Astronomers have discovered the densest galaxy ever to be found - packed with an extraordinary number of stars - about 54 million light years from our own Milky Way.
The ultra-compact dwarf galaxy, dubbed M60-UCD1, was found in what's known as the Virgo cluster of galaxies, researchers said.
Imagine the distance between the Sun and the star nearest to it - Alpha Centauri. That's a distance of about 4 light years. Now, imagine as many as 10,000 of our Suns crammed into that relatively small space.
That is about the density of a galaxy discovered by an international team of astronomers led by a Michigan State University faculty member.
"This galaxy is more massive than any ultra-compact dwarfs of comparable size and is arguably the densest galaxy known in the local universe," said Jay Strader, MSU assistant professor of physics and astronomy.
The galaxy was discovered in the Virgo cluster of galaxies, a collection of galaxies located about 54 million light years from our own Milky Way.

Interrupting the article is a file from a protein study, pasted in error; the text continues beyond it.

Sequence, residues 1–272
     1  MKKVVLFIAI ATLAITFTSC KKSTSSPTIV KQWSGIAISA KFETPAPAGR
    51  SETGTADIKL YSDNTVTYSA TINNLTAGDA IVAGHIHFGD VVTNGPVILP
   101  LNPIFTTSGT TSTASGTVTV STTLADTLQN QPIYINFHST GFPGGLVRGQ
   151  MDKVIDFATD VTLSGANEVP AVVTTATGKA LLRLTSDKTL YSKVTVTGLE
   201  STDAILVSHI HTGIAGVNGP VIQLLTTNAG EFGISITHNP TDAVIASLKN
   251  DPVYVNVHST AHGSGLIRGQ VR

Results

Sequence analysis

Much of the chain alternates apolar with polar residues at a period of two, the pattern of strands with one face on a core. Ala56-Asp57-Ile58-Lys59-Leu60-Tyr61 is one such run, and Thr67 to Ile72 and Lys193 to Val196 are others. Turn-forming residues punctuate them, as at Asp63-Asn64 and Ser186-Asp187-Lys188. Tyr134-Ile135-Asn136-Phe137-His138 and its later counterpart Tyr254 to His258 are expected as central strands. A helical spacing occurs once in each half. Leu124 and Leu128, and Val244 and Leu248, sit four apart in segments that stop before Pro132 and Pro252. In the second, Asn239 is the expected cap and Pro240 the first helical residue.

What makes M60-UCD1, so remarkable is that about half of its mass is found within a radius of only about 80 light years. This would make the density of stars about 15,000 times greater than found in Earth's neighbourhood in the Milky Way.
"Travelling from one star to another would be a lot easier in M60-UCD1 than it is in our galaxy. Since the stars are so much closer in this galaxy, it would take just a fraction of the time," Strader said.
The discovery of ultra-compact galaxies is relatively new - only within the past 10 years or so. Until then, astronomers could see these "things" way off in the distance but assumed they were either single stars or very-distant galaxies.
Another intriguing aspect of this galaxy is the presence of a bright X-ray source in its centre. One explanation for this is a giant black hole weighing in at some 10 million times the mass of our Sun.
Astronomers are trying to determine if M60-UCD1 and other ultra-compact dwarf galaxies are either born as really jam-packed star clusters or if they are galaxies that get smaller because they have stars ripped away from them.
The possible massive black hole, combined with the high galaxy mass and Sun-like levels of elements found in the stars, favour the latter idea.
A giant black hole at the centre of M60-UCD1 helps tip the scales